Trump’s business dealings test a constitutional limit

Police officers guard the door to the lobby of Trump Tower on Fifth Avenue in New York, Nov. 17, 2016.

WASHINGTON — Not long after he took office, President Barack Obama sought advice from the Justice Department about a potential conflict of interest involving a foreign government: He wanted to know whether he could accept the Nobel Peace Prize.

The answer turned on the Emoluments Clause, an obscure provision of the Constitution that now poses risks for President-elect Donald Trump should he continue to reap benefits from transactions with companies controlled by foreign governments.

“Emolument” means compensation for labor or services. And the clause says that “no person holding any office of profit or trust” shall “accept of any present, emolument, office or title, of any kind whatever, from any king, prince or foreign state” unless Congress consents.


It took David J. Barron, a Justice Department official who is now a federal appeals court judge in Boston, 13 single-spaced pages to answer Obama’s question.

Two things were clear, he wrote. The Emoluments Clause “surely” applied to the president, and the prize, which included a check for about $1.4 million, was the sort of thing that would be barred if it came from a foreign state. In the end, however, Barron concluded that Obama could accept the prize because the committee that chose him was independent of the Norwegian government and the prize itself was privately financed.

But he said that the answer would be different if a foreign government sought to make a payment to a sitting president. In a footnote, Barron added, “Corporations owned or controlled by a foreign government are presumptively foreign states under the Emoluments Clause.”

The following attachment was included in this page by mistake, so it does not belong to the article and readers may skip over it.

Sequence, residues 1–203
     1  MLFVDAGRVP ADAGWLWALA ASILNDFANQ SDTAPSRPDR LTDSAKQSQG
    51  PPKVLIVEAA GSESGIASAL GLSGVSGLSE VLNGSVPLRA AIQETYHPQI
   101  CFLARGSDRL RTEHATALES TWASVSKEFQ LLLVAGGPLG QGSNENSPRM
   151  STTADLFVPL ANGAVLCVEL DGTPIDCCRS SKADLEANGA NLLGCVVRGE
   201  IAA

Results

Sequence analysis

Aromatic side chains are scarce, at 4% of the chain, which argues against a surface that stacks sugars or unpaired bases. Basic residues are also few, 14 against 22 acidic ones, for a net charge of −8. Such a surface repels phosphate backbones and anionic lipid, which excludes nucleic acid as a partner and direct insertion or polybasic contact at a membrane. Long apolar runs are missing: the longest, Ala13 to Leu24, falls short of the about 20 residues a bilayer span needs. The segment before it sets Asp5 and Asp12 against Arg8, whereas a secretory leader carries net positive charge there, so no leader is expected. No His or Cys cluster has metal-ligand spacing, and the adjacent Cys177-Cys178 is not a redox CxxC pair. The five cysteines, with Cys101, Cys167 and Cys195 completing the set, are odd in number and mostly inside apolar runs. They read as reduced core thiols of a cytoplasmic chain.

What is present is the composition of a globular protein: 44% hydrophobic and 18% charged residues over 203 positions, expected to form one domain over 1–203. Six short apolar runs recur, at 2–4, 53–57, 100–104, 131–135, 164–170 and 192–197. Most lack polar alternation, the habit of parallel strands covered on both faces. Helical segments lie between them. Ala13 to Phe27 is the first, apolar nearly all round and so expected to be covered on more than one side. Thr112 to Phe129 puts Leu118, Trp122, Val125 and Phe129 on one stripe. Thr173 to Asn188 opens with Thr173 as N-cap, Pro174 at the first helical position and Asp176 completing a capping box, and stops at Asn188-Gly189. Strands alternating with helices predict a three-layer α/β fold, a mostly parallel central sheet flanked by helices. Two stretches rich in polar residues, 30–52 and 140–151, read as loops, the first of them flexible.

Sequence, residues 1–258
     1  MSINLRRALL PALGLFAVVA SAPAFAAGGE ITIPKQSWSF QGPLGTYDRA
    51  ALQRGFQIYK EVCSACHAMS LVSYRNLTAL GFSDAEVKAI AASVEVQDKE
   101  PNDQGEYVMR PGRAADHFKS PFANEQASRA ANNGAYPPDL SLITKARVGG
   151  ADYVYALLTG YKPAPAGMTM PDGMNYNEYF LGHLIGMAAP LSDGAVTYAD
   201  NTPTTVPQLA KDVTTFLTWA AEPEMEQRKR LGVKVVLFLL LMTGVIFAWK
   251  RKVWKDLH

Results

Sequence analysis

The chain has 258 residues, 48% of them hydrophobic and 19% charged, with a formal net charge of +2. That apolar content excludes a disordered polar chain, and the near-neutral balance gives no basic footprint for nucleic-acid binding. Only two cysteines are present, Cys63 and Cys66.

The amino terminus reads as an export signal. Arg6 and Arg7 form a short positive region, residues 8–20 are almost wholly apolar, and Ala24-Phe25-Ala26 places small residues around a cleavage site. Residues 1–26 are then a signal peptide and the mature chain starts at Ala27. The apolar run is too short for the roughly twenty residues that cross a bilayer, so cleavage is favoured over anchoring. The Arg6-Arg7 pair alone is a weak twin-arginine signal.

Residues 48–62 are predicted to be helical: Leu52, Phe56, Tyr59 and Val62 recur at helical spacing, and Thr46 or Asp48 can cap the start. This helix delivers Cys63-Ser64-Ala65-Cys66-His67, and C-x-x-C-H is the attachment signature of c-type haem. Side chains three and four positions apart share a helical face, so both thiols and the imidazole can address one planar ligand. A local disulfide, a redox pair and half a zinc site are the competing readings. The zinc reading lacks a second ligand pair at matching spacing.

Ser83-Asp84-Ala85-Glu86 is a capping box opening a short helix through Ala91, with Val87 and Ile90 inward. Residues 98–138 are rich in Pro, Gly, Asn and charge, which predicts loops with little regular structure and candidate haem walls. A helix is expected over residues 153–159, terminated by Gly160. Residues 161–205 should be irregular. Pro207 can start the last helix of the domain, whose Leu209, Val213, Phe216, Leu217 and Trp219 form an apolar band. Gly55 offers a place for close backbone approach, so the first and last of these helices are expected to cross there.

Trump’s companies do business with entities controlled by foreign governments and people with ties to them. The ventures include multimillion-dollar real estate arrangements — with Trump’s companies either as a full owner or a “branding” partner — in Ireland and Uruguay. The Bank of China is a tenant in Trump Tower and a lender for another building in Midtown Manhattan where Trump has a significant partnership interest.


Experts in legal ethics say those kinds of arrangements could easily run afoul of the Emoluments Clause if they continue after Trump takes office.

“The founders very clearly intended that officers of the United States, including the president, not accept presents from foreign sovereigns,” said Norman Eisen, who was the chief White House ethics lawyer for Obama from 2009 to 2011.

President Barack Obama accepts the Nobel Peace Prize during a ceremony at Oslo City Hall in Oslo, Norway in 2009.
President Barack Obama accepts the Nobel Peace Prize during a ceremony at Oslo City Hall in Oslo, Norway in 2009. —Doug Mills/ The New York Times

“Whenever Mr. Trump receives anything from a foreign sovereign, to the extent that it’s not an arm’s-length transaction,” Eisen said, “every dollar in excess that they pay over the fair market price will be a dollar paid in violation of the Emoluments Clause and will be a present to Mr. Trump.”

The Supreme Court has never squarely considered the scope of the clause, and there are no historical analogies to help understand how it should apply to a president who owns a sprawling international business empire. Earlier presidents worked hard to avoid even the appearance of a conflict of interest involving a foreign power, said Zephyr Teachout, a law professor at Fordham who ran for Congress in New York this year as a Democrat and lost.

“The reason we don’t really have a lot of precedent here is that presidents in the past have gone out of their way to avoid getting even close to the Emoluments Clause,” she said.